You might even take a harder path, and write from the father's perspective: it might be the song, perhaps, of Silverstein's Giving Tree. No one's written that one yet, but the honesty might kill you.
     
  12. riggbren
    Offline

    riggbren Member

    Joined:
    Feb 25, 2012
    Messages:
    46
    Likes Received:
    0
    It's not really to her, or about her dad, but I feel like if she listens to it, she'll know that I understand. Originally, the song with from the point of view of the son. But I felt like that version had too much going on. But thanks for asking these questions, because they're definitely addressing things I hadn't thought about very much until now.
     
  13. Lake Effect
    Offline

    Lake Effect New Member

    Joined:
    Feb 25, 2012
    Messages:
    4
    Likes Received:
    0
    Location:
    Northwest Indiana
    Actually there's so much challenge in writing a song that I can barely wrap my head around it. Your words, to be powerful, must paint a picture of what you see, as honestly as you can. That much, I'm sure you know. To the listener, the point of view must be clear--father, daughter, son, friend, omniscient observer, you have to pick one. If it doesn't seem to work, try another.

    As everyone here has warned you, you can't try to say too much: tight, clear images are like clean brush strokes and, like a simple line, a sharp phrase can suggest much more than it says. Someone your age wrote Roberta Flack's hit "Killing Me Softly" by cutting to the core of what it felt like to love unrequited. She simply mailed that song to a famous voice, and the world found her words irresistible. In your life someone is dying, and not so softly. Speak to it; be honest; don't gush.

    Good luck.
     
  14. mammamaia
    Offline

    mammamaia nit-picker-in-chief Contributor

    Joined:
    Nov 21, 2006
    Messages:
    19,316
    Likes Received:
    1,014
    Location:
    Coquille, Oregon
    can you set the lyrics to music, after you write them?

    i'm a lyricist [among many other 'writing' things], so here's just one way i might approach it... here's an opening chorus that i could build the verses on, which would progress from the depressed state up to the closing chorus' brighter future:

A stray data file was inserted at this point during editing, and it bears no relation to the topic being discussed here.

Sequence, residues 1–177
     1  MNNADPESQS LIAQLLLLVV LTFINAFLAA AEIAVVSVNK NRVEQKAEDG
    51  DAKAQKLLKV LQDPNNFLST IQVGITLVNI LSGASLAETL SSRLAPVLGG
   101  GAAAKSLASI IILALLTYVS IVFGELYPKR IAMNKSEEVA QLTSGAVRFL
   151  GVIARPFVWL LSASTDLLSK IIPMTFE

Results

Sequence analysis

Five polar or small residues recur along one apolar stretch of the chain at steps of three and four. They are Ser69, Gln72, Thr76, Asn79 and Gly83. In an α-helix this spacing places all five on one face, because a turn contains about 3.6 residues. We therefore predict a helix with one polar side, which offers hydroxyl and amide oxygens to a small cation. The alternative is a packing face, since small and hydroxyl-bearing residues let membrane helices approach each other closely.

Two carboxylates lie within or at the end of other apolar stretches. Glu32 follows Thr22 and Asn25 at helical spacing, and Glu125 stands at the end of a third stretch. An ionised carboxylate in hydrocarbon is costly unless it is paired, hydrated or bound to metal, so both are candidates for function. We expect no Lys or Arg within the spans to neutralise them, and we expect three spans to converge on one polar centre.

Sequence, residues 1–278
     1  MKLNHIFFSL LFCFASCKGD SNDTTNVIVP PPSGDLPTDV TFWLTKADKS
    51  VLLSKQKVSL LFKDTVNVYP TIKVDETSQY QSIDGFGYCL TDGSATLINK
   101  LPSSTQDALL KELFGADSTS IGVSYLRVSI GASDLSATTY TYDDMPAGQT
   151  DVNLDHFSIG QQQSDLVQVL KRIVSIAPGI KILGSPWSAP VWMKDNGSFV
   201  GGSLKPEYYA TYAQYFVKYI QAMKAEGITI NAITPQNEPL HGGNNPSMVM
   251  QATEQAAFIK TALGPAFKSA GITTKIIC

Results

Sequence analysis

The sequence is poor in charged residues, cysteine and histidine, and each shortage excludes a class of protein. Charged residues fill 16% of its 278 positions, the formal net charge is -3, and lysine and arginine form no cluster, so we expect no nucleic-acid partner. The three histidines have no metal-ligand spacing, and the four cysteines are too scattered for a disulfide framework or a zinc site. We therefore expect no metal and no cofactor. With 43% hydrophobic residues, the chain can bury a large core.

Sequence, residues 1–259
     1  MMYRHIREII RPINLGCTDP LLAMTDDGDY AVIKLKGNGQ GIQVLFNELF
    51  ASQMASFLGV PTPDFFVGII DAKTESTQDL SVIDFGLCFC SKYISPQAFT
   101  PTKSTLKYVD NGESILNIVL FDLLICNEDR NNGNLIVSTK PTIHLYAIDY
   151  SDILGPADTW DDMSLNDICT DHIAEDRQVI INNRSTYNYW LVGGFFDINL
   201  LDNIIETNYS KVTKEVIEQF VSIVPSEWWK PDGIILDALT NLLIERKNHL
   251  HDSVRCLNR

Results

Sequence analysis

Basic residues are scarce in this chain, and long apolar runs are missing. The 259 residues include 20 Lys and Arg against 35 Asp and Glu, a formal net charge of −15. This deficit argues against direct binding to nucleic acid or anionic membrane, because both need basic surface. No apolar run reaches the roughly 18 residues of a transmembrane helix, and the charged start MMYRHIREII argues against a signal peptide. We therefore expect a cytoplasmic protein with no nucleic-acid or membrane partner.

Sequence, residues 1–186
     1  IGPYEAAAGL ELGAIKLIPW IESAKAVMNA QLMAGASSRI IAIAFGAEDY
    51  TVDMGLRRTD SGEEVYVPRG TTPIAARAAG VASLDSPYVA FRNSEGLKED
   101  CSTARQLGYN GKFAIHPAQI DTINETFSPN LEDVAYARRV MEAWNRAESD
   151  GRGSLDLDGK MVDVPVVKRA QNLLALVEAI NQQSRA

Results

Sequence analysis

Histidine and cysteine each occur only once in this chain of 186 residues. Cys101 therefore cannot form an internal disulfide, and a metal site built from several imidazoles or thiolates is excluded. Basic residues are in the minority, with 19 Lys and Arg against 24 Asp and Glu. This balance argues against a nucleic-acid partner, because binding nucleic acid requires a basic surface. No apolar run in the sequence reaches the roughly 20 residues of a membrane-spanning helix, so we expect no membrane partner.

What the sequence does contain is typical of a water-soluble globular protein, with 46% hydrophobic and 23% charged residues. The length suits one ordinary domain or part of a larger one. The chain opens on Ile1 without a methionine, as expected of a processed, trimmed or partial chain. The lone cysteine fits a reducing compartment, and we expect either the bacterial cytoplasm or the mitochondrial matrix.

15. riggbren
    Offline

    riggbren Member

    Joined:
    Feb 25, 2012
    Messages:
    46
    Likes Received:
    0
    Yeah, I can set them to music. I've had the music written for awhile, but I haven't been able to come up with lyrics to fit it, save for the closing line of the chorus "He's still got 30 years to go, he's still got 30 more to blow."

    But that chorus hit it dead on. I'm almost tempted to steal it from you, but the tone in my lyrics is always a bit sarcastic.
     
  16. mammamaia
    Offline

    mammamaia nit-picker-in-chief Contributor

    Joined:
    Nov 21, 2006
    Messages:
    19,316
    Likes Received:
    1,014
    Location:
    Coquille, Oregon
    it's yours for the asking... just mention me when you accept your grammy, ok?
     
  17. jazzabel
    Offline

    jazzabel Contributing Member Contributor

    Joined:
    Jan 5, 2012
    Messages:
    4,273
    Likes Received:
    1,666
    You might want to look up the lyrics to a song called "Why Don't You Find Out For Yourself?" by Morrissey from the album Vauxhall and I
    He is a brilliant lyricist, but this particular song portrays a similar man to the one you described. It so well written, such descriptive terms in only few short words, just really well done.
     
  18. superpsycho
    Offline

    superpsycho Contributing Member

    Joined:
    Feb 28, 2012
    Messages:
    638
    Likes Received:
    12
    Location:
    Pennsylvania
    The regrets of a forty year old would seem fairly standard. Usually missed opportunities, or the path their life has taken. What about selling his dreams or principles for money if it’s a folk or rock song. Lost loves, lost moments or miss spent youth and bad choices if you’re doing country. The way you describe it though is he lost sight of his goals and life trying to please or live up to expectations of others. He might be torn between his own desires and earning the respect of his father sort of thing.
     

Share This Page